Kitchen talent that runs in the family
You could say that Mari Katsumura took on an impossible challenge, said Phil Vettel in the Chicago Tribune. Less than a year after three-Michelin-starred Grace was shuttered because the chef walked out on his money partner, Katsumura accepted the same entrepreneur’s offer to start a new tasting-menu restaurant in the same space. She has had a few things going for her—notably that she’s the daughter of the late Yoshi Katsumura, the beloved founder of Chicago’s Yoshi’s Café. Also, she has talent: Her first two $205 menus have been impressive, starting with her dazzling canapés: balls of mushroom gelée topped with braised octopus and “a seriously upscale beef jerky” among them. A couple of courses later comes her crab rice—a soy-cured egg yolk surrounded by nuggets of king crab, puffed rice, and salmon roe. “It’s the kind of dish that can define a restaurant,” and yet the meal is only beginning its turn toward true luxury. Though Yugen hasn’t yet reached the level of the city’s other $900-a-couple dinner options, it could get there. “This restaurant just might last a while.” 652 Randolph St., (312) 265-1008
Wayan New York City
“Like father, like son, I suppose,” said Ryan Sutton in Eater.com. Stepping for the first time outside the global food empire of Jean-Georges Vongerichten, his celebrity-chef dad, Cédric Vongerichten has created “a stunner of an Indonesian restaurant.” Aided in Wayan’s menu development by his wife, Ochi, who was born in Jakarta, the Bangkok-born younger Vongerichten displays an apparently inherited talent for fusing Asian cuisines with European technique. His “breathtaking” sop buntut—a Javanese oxtail soup—thus gets a firm Maillard char on the braised meat, which comes garnished with lemongrass and cilantro. Occasionally, Cédric plays too safe, giving unadventurous diners a generic crab cake when they could be sampling Southeast Asia’s brilliant crab dishes; he even serves an obligatory steak—“$60 of overcooked wagyu that mimics the texture of a well-worn shoe.” Order instead the lamian noodles in a molasses-like but peppery soy sauce tossed with lobster, or the fried rice (nasi goreng) with sautéed whole prawns that have been slathered in a sweet Twizzler-red sambal sauce. At its best, “Wayan shows off compelling strains of modernity rooted in tradition.” 20 Spring St., (917) 261-4388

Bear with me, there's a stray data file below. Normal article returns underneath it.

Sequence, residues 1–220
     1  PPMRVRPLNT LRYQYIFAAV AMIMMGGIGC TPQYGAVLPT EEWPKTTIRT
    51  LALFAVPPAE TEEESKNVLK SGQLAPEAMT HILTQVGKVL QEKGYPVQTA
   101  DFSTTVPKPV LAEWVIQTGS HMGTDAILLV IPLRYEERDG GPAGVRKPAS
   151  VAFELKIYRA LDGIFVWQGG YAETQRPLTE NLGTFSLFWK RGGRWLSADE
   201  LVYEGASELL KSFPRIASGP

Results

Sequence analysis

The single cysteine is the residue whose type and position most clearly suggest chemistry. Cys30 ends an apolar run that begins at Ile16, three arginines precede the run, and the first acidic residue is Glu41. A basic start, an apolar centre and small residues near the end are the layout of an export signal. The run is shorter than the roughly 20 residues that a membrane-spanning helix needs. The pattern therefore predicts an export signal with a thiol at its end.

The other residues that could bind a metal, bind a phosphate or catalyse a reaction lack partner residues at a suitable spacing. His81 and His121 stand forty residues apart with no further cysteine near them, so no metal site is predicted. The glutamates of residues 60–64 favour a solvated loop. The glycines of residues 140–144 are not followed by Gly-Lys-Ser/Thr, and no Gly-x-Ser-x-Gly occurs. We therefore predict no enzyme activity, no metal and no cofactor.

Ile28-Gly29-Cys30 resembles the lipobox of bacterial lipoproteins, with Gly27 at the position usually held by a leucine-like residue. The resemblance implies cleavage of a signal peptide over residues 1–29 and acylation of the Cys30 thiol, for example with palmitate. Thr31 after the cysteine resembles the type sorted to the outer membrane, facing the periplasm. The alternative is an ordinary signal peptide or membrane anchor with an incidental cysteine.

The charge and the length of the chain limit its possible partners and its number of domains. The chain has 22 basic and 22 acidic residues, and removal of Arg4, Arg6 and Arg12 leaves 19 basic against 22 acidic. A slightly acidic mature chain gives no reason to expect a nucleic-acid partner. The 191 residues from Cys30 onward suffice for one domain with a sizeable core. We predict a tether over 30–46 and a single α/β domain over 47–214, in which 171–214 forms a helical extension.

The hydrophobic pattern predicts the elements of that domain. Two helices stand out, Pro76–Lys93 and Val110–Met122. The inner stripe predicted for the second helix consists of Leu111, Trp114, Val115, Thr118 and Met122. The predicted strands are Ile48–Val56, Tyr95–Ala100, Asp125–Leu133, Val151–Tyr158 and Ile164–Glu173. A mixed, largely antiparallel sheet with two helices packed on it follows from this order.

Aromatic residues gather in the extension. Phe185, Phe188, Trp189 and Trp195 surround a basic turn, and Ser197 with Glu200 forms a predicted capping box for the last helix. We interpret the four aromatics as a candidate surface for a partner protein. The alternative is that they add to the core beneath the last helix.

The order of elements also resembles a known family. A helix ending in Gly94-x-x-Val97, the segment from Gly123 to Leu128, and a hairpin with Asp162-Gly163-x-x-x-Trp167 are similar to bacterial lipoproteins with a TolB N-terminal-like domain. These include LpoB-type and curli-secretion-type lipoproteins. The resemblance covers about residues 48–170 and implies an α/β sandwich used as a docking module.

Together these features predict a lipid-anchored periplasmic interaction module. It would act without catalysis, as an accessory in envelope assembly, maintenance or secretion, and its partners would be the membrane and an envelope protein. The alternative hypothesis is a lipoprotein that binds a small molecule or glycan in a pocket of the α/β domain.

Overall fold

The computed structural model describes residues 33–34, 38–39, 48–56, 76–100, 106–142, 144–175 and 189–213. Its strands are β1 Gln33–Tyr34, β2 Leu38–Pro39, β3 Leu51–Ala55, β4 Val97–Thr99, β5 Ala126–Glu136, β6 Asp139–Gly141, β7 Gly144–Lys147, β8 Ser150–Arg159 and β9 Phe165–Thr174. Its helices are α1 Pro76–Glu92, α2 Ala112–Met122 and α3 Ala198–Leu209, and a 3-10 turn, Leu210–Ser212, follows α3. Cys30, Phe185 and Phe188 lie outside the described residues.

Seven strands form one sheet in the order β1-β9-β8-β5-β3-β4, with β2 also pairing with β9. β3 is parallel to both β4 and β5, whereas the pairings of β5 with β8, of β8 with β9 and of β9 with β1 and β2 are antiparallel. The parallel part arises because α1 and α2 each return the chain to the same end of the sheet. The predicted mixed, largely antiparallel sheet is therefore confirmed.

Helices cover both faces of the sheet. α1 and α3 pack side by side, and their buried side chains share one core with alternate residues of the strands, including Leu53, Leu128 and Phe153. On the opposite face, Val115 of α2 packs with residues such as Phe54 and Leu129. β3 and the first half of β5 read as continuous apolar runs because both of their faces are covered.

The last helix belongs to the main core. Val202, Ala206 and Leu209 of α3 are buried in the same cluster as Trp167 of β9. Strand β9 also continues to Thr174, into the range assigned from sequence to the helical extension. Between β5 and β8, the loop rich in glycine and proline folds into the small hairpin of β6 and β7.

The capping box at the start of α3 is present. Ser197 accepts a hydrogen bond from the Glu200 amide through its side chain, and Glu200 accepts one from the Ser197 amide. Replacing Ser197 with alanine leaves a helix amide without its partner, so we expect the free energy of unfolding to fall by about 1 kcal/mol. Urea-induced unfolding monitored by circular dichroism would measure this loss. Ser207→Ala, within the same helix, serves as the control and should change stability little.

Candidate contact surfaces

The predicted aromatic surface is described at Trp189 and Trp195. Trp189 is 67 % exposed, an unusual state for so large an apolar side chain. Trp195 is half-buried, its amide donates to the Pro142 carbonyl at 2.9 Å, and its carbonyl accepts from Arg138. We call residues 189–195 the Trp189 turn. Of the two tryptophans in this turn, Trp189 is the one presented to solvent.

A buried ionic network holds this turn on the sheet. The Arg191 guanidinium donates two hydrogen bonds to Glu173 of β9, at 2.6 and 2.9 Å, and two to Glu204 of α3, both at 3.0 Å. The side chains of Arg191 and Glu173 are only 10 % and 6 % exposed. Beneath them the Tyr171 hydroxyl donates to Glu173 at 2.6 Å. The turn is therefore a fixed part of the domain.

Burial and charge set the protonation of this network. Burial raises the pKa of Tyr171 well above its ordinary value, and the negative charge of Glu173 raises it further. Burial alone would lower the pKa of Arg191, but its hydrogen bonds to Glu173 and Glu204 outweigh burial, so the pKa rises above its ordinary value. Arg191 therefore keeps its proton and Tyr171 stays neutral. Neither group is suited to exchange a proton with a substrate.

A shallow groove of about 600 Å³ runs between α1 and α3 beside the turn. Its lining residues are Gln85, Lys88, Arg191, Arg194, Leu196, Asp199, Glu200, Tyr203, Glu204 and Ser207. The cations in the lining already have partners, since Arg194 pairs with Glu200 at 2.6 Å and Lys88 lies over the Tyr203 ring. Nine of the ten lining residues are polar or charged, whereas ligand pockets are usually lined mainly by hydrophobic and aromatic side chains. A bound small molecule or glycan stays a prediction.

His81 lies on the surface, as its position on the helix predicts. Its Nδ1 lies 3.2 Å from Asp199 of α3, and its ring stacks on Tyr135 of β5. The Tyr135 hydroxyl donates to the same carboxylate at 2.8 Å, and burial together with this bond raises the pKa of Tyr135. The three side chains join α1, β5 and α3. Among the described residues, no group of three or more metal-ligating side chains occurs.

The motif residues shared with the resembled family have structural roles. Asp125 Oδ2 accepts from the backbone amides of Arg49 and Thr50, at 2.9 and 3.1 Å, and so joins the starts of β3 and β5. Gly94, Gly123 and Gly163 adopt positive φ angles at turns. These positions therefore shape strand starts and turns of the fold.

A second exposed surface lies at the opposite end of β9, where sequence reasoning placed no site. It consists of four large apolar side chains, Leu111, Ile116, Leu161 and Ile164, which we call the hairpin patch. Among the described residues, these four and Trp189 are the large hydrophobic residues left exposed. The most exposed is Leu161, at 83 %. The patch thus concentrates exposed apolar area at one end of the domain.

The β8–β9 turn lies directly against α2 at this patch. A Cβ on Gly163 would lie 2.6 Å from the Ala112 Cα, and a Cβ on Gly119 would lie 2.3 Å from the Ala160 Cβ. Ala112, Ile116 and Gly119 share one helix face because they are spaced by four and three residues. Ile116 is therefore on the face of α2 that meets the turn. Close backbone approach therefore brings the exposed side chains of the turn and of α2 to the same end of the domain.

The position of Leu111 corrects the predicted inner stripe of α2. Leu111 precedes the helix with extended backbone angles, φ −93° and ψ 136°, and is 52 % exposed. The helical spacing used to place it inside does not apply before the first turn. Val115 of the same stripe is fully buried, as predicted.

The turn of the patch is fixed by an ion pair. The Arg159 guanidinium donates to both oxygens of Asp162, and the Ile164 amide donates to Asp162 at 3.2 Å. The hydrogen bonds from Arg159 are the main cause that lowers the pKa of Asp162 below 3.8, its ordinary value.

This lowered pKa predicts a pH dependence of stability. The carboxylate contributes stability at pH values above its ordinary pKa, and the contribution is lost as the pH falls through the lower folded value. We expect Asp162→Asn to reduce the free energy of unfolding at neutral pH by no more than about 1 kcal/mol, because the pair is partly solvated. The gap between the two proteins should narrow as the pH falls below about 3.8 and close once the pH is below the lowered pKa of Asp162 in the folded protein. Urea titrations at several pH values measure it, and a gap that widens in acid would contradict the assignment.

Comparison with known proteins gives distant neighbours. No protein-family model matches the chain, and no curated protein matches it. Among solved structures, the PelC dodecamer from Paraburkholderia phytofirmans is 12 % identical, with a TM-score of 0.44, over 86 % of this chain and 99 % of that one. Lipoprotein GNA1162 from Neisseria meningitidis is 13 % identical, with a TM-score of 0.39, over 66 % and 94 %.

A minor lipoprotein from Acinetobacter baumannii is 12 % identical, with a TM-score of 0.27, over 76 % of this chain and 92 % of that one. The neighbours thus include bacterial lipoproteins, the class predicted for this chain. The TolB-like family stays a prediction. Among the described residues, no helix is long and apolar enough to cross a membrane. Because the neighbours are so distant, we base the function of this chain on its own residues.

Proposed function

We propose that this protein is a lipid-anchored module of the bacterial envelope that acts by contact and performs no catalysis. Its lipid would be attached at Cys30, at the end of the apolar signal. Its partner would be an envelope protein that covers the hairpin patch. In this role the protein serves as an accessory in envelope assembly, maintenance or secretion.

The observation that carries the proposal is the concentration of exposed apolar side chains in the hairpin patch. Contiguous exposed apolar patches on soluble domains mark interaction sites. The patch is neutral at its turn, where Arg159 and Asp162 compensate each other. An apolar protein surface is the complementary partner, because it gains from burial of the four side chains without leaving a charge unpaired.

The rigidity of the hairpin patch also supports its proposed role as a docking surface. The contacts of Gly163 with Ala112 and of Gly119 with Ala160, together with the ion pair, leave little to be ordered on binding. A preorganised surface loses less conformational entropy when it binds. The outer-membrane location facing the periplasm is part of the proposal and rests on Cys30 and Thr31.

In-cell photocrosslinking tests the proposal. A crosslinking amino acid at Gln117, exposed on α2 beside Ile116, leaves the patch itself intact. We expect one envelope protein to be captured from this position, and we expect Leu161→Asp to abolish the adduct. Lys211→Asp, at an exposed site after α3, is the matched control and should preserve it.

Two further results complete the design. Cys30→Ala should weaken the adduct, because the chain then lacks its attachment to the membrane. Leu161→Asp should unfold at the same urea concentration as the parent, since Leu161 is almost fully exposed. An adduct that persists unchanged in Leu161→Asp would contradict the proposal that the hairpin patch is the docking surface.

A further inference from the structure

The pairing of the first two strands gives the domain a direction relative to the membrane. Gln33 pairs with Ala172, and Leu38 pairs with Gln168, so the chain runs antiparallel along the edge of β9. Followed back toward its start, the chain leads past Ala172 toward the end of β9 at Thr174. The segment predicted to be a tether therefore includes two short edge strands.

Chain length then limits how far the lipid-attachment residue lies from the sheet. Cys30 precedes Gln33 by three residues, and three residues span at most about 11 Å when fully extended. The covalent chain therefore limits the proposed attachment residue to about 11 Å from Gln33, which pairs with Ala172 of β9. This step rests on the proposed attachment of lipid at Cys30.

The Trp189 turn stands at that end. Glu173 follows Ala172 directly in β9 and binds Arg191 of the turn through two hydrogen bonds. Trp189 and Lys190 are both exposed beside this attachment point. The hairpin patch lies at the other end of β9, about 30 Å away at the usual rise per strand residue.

Estuary Washington, D.C.
Brothers Bryan and Michael Voltaggio have opened a new venture, and “it’s good to have the boys back,” said Tom Sietsema in The Washington Post. Best known for competing against each other during a past season of Top Chef, the Maryland natives have put recent closures behind them to open one of the best new restaurants in town, a third-floor refuge at the Conrad hotel. “A mash note to the Chesapeake Bay,” Estuary also reveals the siblings’ playful side: The “ramen” on the menu is fashioned from cuttlefish and served in a buttery gingery broth; the excellent crab sandwich is garnished with crab-shaped spiced plantain chips. It’s not all seafood here. The most fascinating vegetarian dish might also be the heartiest entrée: a veal shank look-alike that’s actually celery root that’s been steamed, dehydrated, roasted, and glazed, then served with kale-colored rigatoni in a two-day sauce made with tomatoes, cannellini beans, and mushrooms. 950 New York Ave., (202) 844-5895 ■